Theft isn't limited to items at the wedding. Burglars may target the homes of couples celebrating their nuptials, or away on their honeymoon.
Wedding announcements in newspapers and details on wedding web sites can provide would-be thieves with a solid timeline of when couples won't be home, as well as personal details that can help identify a home address, Fields said. Burglars who break in during the honeymoon may help themselves to unopened wedding gifts as well as valuables typically kept at home.
"People have been doing this for years and years and years," said Christopher Falkenberg, the founder and president of Insite Security. Falkenberg, a former Secret Service agent, said it's the same opportunity that leads burglars to peruse funeral announcements and watch for piled up newspapers that signify you're on vacation. Social media mentions and virtual check-ins widen the scope.
That's not so say couples shouldn't announce their wedding or take their honeymoon in secret, Falkenberg said. "You can't turn your life on your head for security issues," he said. But couples should take steps to limit vulnerability, including locking up valuables and, for the honeymoon, halting mail and newspaper delivery and having a friend or family member stop by regularly. He said using devices that mimic the flicker of a television or a dog barking can also deter burglars.
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In 2012, the average bride shelled out $1,444 for her dress, veil and accessories, according to The Wedding Report. So it's not surprising that brides look for ways to cut that cost, shopping around for lower prices on that dream dress from an online-only boutique or from listings on a marketplace or message board.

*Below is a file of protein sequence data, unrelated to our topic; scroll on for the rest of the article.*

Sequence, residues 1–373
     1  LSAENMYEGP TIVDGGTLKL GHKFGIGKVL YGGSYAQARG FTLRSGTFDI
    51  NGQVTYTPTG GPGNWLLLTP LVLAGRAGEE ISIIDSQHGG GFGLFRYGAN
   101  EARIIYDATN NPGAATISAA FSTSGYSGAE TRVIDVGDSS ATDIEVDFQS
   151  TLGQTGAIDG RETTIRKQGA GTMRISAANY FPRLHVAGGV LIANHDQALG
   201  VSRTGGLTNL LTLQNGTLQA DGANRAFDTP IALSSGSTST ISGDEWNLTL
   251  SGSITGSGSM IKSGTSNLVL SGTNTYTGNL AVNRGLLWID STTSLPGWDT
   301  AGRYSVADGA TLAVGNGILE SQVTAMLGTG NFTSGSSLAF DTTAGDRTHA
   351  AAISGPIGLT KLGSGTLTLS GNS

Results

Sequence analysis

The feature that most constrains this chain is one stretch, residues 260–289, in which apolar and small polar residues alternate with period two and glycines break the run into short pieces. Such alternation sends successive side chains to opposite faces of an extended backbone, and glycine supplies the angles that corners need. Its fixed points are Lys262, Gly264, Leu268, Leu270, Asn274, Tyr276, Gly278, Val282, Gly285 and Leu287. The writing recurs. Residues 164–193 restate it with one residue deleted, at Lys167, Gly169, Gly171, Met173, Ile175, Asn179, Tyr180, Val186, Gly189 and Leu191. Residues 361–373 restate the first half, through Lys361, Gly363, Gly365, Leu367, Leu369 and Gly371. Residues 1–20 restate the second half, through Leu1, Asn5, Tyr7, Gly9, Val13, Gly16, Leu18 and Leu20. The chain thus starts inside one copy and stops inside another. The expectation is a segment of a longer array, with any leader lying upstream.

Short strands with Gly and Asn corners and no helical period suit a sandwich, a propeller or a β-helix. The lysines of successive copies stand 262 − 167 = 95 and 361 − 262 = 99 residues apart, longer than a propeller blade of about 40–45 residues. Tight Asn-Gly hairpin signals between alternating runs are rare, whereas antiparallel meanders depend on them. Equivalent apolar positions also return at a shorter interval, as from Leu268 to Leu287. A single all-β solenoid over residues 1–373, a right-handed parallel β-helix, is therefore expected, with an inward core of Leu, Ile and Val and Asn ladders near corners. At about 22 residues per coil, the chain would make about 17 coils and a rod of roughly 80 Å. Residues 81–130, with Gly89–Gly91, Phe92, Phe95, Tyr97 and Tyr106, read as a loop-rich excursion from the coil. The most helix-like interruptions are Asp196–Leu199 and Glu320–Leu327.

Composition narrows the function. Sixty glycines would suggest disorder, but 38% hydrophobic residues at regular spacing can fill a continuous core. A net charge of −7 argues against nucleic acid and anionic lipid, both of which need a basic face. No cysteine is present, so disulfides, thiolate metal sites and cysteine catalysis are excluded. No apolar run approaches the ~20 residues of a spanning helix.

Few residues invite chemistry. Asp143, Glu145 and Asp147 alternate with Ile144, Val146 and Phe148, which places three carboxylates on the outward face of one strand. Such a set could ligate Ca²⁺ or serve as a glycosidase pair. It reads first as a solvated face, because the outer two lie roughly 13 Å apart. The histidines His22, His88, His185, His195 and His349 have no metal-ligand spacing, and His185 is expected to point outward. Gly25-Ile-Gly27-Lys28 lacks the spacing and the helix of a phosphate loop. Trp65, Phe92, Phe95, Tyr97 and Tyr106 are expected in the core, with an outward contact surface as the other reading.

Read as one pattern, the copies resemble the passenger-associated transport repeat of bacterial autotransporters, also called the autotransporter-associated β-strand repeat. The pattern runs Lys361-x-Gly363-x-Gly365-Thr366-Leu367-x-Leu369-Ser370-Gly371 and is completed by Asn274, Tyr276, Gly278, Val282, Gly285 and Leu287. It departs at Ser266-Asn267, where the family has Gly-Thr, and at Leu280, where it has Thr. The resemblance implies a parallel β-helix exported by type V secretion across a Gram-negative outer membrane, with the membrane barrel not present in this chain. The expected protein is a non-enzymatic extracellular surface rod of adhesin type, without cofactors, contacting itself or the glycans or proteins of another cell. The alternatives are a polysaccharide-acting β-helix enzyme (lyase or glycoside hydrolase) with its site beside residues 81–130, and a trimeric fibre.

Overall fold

Snagging a $1,200 dress for $200 isn't always a steal, however. According to the American Bridal and Prom Industry Association, as many as 600,000 counterfeit wedding dresses were purchased by brides in North America last year.
Counterfeits might illustrate listings with the same photos as designers do, but brides are buying something very different. "When the dresses arrive, they're made of inferior materials," Winnika said. They're typically less elaborate than the real deal, and may be poorly constructed. Worse, sometimes the dress never even arrives.
And if the bride isn't happy? "The customer service is nonexistent," Winnika said. Usually, the dress is nonreturnable, or can only be sent back at the buyer's expense for shipping and with a steep restocking fee.
To avoid fakes, look for authorized retailers on the dress designer's site, and check consumer reviews. Brides should also check the retailer's return policy, and make sure there's a working phone number and email address in case of order problems.
It's not just brides and grooms who risk getting scammed. Vendors have encountered their share of problems, too, from criminals posing as engaged couples.
Stephanie Martin, owner of One Fine Day Events, says it's not unusual for her to hear from couples planning a destination wedding--her firm coordinates events in San Francisco and Lake Tahoe. But when she exchanged emails a few years ago with a British groom offering to send her $45,000 up front to make all the wedding decisions on behalf of him and his bride, it rang alarm bells.
"They said they didn't have time to do [the planning]," she said. "My clients generally want to be involved, and make decisions."
A web search for the would-be client's name turned up pages about email scams. "They promise to wire money, but they really want your bank account information," Martin said. In a variation, the "clients" send a too-large check and ask the vendor to wire back the excess, only to disappear with that cash before their check bounces. Vendors' best recourse is to leave such fishy missives unanswered.
—By CNBC's Kelli B. Grant. Follow her on Twitter @kelligrant